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Edited thanks to @Kuba:

In the following example, ListContourPlot3D accepts an array of points spaced at intervals 0.1 apart throughout the volume, but seems to choose an arbitrary number of points for generating a mesh. Setting MaxPlotPoints explicitly works to a limited extent. How can I force it to use all points without specifying that number by hand?

gauss = Partition[
   Flatten[Table[{i, j, k, Exp[-i^2 - j^2]}, {i, -2, 2, 0.1}, {j, -2, 
      2, 0.1}, {k, -2, 2, 0.1}]], 4];

    GraphicsRow[{
  ListContourPlot3D[gauss, Contours -> {0.5}, 
   ContourStyle -> Opacity[0.5], AxesLabel -> {x, y, z}],
  ListContourPlot3D[gauss, Contours -> {0.5}, 
   ContourStyle -> Opacity[0.5], AxesLabel -> {x, y, z}, 
   MaxPlotPoints -> 20],
  ListContourPlot3D[gauss, Contours -> {0.5}, 
   ContourStyle -> Opacity[0.5], AxesLabel -> {x, y, z}, 
   MaxPlotPoints -> Infinity]
  }, ImageSize -> 800]

enter image description here

Edit thanks to @Rahul:

For a 3D array (with the right order of indices) we get the right behavior. Does this mean the 4D syntax constructs the mesh in a fundamentally different way?

gauss = Table[Exp[-i^2 - j^2], {k, -2, 2, 0.1}, {j, -2, 2, 0.1}, {i, -2, 2, 0.1}];

ListContourPlot3D[gauss, Contours -> {0.5}, ContourStyle -> Opacity[0.5],
 AxesLabel -> {x, y, z}, DataRange -> {{-2, 2}, {-2, 2}, {-2, 2}}]

enter image description here

Edit thanks to @Szabolcs:

Increasing MaxPlotPoints constructs the mesh with some strange regularities (and appears to slow it down):

GraphicsGrid[
 Partition[
  Table[ListContourPlot3D[gauss, Contours -> {0.5}, 
    ContourStyle -> Opacity[0.5], AxesLabel -> {x, y, z}, 
    MaxPlotPoints -> i, ImageSize -> 200, 
    PlotLabel -> 
     Style[StringJoin["MaxPlotPoints->", ToString[i]], 16, Bold]], {i,
     18, 38, 4}], 3, 3, 1, Null], ImageSize -> 800]

enter image description here

share|improve this question
    
@Nasser ListContourPlot3D dimensions are ok. –  Kuba Feb 21 at 2:05
1  
There is a fundamental difference, in the flat list case the interpolation scheme first has to sort out the connectivity somehow. Note you get the exact same result (just as fast) if you plot RandomSample[gauss, Length[gauss]] –  george2079 Feb 21 at 15:45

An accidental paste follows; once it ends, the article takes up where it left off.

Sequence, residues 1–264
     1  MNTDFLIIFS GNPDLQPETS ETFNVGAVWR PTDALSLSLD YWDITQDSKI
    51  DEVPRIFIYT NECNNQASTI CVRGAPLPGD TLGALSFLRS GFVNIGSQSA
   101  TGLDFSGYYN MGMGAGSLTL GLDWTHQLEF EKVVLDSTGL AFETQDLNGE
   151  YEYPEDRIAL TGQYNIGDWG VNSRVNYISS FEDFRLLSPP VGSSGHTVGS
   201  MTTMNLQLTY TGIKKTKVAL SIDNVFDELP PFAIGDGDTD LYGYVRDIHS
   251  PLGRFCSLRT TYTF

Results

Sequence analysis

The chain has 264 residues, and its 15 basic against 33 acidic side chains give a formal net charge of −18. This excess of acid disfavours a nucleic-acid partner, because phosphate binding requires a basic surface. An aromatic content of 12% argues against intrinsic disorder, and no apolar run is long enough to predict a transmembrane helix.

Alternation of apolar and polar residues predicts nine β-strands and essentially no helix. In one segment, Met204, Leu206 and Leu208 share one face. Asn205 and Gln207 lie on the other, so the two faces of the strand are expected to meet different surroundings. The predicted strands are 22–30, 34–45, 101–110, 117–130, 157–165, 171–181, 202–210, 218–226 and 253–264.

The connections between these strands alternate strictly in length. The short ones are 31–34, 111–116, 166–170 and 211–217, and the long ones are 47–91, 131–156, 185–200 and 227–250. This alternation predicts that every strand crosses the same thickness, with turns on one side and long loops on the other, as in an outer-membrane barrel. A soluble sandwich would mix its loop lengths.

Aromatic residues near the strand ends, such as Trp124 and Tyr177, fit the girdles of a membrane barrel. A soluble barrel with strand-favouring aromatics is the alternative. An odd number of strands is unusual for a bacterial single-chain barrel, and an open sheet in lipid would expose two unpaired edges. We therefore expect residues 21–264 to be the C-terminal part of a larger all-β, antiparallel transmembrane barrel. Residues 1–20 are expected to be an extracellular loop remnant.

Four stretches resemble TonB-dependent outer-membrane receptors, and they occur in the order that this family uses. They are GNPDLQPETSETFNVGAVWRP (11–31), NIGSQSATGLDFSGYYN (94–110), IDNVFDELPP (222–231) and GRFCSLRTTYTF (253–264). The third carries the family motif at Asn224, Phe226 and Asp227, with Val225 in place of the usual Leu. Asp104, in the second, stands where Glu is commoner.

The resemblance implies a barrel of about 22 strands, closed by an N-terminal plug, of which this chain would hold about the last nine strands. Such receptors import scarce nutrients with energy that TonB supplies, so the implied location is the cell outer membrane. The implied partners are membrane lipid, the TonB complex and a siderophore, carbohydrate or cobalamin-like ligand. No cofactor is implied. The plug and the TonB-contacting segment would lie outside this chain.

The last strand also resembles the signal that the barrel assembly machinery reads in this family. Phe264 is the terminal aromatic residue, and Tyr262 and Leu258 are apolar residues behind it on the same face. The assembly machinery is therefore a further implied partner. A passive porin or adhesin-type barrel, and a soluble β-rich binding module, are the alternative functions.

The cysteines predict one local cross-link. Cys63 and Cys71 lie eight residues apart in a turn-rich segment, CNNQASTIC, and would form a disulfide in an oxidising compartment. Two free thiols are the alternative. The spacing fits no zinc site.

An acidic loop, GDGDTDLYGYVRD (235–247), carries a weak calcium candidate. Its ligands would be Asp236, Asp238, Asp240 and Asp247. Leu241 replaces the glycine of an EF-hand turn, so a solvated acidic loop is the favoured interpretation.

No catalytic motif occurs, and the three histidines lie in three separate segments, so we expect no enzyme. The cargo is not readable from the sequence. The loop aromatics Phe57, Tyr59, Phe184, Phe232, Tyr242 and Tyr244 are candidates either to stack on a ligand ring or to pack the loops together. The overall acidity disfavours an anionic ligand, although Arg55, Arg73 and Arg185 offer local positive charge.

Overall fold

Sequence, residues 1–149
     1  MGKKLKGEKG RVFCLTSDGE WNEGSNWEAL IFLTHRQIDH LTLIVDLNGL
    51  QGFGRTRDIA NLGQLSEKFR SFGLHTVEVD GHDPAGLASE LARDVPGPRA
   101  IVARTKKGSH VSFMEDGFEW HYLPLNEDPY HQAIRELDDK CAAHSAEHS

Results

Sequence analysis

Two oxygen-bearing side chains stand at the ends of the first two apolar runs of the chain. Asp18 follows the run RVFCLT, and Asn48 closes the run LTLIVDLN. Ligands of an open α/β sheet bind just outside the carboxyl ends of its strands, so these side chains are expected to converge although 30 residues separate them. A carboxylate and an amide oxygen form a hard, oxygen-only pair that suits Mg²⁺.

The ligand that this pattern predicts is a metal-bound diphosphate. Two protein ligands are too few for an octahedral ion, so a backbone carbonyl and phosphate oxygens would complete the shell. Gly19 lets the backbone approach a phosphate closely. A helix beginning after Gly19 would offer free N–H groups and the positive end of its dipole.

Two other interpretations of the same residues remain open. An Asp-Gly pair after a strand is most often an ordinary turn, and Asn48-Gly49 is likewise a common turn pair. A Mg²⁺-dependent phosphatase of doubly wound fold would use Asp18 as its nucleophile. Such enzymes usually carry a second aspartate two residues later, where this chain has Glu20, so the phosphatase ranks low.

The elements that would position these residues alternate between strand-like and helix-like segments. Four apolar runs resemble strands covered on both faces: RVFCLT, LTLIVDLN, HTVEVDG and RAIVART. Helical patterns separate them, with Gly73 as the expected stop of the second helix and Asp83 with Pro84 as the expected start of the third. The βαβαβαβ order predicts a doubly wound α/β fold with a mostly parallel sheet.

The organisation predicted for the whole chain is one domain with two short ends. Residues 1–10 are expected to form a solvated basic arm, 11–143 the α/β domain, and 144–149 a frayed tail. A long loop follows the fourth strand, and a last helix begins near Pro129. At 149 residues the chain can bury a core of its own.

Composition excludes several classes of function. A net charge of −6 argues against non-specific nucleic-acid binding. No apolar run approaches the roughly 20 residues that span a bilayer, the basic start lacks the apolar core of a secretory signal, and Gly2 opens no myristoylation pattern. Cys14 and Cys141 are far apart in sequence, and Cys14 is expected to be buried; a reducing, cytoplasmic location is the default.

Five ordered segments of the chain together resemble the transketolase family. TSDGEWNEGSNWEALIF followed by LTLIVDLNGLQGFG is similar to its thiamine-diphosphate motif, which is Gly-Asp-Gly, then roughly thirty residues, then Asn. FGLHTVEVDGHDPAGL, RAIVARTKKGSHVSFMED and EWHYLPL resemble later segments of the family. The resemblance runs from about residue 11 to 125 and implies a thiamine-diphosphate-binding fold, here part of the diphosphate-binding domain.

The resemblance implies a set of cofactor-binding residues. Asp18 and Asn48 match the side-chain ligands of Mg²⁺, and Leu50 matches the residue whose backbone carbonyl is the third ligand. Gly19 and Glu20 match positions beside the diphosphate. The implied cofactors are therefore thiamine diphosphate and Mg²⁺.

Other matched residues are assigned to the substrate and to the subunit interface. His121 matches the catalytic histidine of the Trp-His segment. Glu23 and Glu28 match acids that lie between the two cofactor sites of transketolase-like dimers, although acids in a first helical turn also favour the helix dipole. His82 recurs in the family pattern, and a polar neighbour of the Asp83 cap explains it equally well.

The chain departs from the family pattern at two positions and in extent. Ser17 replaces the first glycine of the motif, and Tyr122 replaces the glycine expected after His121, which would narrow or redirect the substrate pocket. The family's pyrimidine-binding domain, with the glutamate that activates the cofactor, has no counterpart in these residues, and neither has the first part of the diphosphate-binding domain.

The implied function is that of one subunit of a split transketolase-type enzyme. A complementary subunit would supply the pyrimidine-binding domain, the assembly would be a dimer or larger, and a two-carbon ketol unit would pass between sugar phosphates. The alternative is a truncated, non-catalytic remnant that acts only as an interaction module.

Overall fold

1  
I'm not sure what's going on, but experimenting with ListContourPlot (which is much faster so more convenient to play with), it seems that with MaxPlotPoints -> Infinity it does in fact include all points in the simple examples I tried (maybe not in more complicated ones). You can see this clearly if you use Mesh->All. However, if I use MaxPlotPoints -> 50or some other high value like that, then it included more points than I gave it. Probably it generates them using interpolation. You can even control it using InterpolationOrder. –  Szabolcs Feb 21 at 16:02
3  
To answer your question about the array vs 4-tuple syntax, yes, it does construct the mesh in a fundamentally different way. If you use the array version, it can take advantage of the regular structure of the grid and use any InterpolationOrder. If you give it values at arbitrary locations in 3D space, it will compute a Delaunay tessellation first and use that as the basis of the interpolation (which I think is limited to 1st or 0th order). So, I'm not sure what's going on, and I'm not saying that it does use all points in your example, but increasing MaxPlotPoints generates ... –  Szabolcs Feb 21 at 16:10
1  
... some extra points, not just necessarily include all existing ones. With a high value you'll be able to see the structure of the underlying grid and the cylinder will be jagged (pixelated-looking). It it possible that what ListContourPlot3D does is simply use Interpolation and invoke ContourPlot3D on the result? Just a guess. –  Szabolcs Feb 21 at 16:11

1 Answer 1

up vote 2 down vote accepted

Here is a work around, in case you need to work with the flat (unordered) data:

 interp = Interpolation[{#[[;; 3]], #[[4]]} & /@ gauss];
 ContourPlot3D[interp[x, y, z], {x, -2, 2}, {y, -2, 2}, {z, -2, 2},Contours -> {.5}]

enter image description here

worth pointing out this seems to work fine for completely unordered data:

gauss = Table[
     Join[#, {Exp[-#[[1]]^2 - #[[2]]^2 ]}] &@ RandomReal[{-2.1, 2.1}, 3], {8000}];
interp = Interpolation[{#[[;; 3]], #[[4]]} & /@ gauss];
ContourPlot3D[interp[x, y, z], {x, -2, 2}, {y, -2, 2}, {z, -2, 2}, Contours -> {.5}]

enter image description here

ListContoutPlot3D of the unordered data..

enter image description here

share|improve this answer
    
Great solution, thanks. For the random array, this method works, but I get Interpolation::udeg: Interpolation on unstructured grids is currently only supported for InterpolationOrder->1 or InterpolationOrder->All. Order will be reduced to 1. >> and the plot is much sloppier than yours. I assume it's because I'm running Mathematica 8. –  ninemileskid Feb 22 at 4:14
1  
@ninemileskid It is because you have specified InterpolationOrder other than 1: such interpolation is supported only on structured grids even in v.9. If you wish to use higher order interpolation, you should use third-party packages: Obtuse package, Non-Grid Interpolation Package. –  Alexey Popkov Feb 22 at 8:30
    
Sorry - I get that warning with v9 as well. Since it worked I neglected to mention it. –  george2079 Feb 22 at 12:42

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